Research for this project identified and developed a range of traffic analysis software suitable for New Zealand use to evaluate urban road improvement schemes. Outputs of the models, in the form of traffic performance characteristics, are used to estimate expected economic benefits from alternative options for a road improvement scheme. This is to allow funding agencies to allocate resources rationally to competing projects.
Criteria were defined for evaluating existing traffic analysis software. Overseas and New Zealand software were then appraised, and detailed analysis of the selected software was conducted.
Research results summarise the analysis and evaluation of existing computer-based packages for intersections, arterial networks, motorways, small area networks and city-wide networks. They also summarise the in-depth investigations of existing models such as NETSIM and MULATM. A summary of theoretical work and accompanying references is given, together with an outline of the program MULDEL. This program was developed to estimate delay at a priority intersection based on the user optimal principle for lane choice.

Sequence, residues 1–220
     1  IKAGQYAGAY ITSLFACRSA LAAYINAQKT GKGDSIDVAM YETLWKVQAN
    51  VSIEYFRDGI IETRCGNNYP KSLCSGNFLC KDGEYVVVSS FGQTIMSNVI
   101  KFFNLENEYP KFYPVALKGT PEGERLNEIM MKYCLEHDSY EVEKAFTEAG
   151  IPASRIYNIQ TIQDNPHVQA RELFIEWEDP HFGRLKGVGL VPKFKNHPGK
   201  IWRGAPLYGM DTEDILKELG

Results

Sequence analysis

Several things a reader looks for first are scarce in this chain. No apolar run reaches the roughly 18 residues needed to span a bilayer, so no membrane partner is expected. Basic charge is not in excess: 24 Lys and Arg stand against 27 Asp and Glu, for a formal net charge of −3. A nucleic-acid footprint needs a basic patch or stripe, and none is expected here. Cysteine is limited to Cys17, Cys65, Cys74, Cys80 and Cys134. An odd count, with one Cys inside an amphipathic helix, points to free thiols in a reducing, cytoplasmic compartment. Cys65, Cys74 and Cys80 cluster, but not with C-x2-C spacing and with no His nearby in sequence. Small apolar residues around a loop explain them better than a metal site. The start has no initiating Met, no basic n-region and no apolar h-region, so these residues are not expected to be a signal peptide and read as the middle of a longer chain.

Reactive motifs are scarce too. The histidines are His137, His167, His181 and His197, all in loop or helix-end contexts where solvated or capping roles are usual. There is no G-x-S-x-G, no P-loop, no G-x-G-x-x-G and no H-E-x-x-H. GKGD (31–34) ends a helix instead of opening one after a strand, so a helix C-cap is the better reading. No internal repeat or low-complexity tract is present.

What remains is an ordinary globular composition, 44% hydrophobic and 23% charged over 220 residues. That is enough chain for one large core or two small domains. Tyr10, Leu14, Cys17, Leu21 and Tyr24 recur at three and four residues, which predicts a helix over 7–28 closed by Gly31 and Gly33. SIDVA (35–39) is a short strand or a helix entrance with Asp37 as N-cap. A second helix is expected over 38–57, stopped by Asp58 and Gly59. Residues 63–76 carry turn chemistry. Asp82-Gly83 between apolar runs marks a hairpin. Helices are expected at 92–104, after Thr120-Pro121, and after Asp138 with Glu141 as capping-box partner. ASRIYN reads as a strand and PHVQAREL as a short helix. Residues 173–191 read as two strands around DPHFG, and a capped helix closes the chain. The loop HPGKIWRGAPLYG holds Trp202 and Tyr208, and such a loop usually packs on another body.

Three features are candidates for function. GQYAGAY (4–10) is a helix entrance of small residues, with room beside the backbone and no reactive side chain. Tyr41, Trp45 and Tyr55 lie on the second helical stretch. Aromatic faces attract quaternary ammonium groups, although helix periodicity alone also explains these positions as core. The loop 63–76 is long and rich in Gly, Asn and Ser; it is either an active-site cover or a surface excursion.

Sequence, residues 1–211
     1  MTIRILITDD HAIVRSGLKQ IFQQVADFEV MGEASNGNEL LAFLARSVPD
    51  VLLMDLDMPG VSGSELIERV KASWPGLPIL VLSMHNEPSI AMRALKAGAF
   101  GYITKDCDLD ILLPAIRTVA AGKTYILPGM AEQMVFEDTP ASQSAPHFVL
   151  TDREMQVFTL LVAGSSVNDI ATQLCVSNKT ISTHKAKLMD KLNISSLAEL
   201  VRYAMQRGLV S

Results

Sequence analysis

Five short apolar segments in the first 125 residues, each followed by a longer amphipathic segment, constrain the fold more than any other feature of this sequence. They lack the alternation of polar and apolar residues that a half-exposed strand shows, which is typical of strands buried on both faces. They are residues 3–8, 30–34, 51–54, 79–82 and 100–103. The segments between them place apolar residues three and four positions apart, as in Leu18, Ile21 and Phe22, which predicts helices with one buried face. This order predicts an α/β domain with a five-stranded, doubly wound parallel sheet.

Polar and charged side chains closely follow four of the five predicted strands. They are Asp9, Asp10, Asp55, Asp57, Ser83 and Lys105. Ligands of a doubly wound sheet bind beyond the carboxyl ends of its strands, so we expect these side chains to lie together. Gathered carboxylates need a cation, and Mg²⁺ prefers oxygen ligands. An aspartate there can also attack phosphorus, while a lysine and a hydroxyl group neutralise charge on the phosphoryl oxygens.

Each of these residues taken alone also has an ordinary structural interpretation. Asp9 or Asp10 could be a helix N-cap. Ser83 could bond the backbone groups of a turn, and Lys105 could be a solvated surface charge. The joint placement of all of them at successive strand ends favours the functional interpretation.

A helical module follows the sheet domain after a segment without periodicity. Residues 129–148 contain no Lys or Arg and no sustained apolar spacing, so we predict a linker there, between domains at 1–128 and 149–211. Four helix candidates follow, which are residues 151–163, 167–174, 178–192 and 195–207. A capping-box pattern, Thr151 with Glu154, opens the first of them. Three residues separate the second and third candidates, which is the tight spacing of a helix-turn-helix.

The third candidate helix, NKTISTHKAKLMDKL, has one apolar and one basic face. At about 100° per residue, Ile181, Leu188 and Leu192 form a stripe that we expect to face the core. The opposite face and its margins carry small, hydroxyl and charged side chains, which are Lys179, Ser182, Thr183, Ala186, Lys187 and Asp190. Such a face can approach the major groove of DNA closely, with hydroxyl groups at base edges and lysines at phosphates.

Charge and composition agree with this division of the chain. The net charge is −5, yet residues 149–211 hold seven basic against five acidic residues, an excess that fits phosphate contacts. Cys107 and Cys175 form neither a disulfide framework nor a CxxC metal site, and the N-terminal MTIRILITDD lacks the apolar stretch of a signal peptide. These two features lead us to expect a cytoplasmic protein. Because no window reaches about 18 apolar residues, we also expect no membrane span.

Economic evaluation obtained from traffic models, including intersection, small area network and city-wide network models, as well as directions for future research required for intermeshing economic evaluation and traffic models are summarised.
Keywords: Benefit:cost analysis, capacity analysis, computer packages, delay analysis, economic evaluation, NETSUM, MULATM, project evaluation, traffic, modelling, urban networks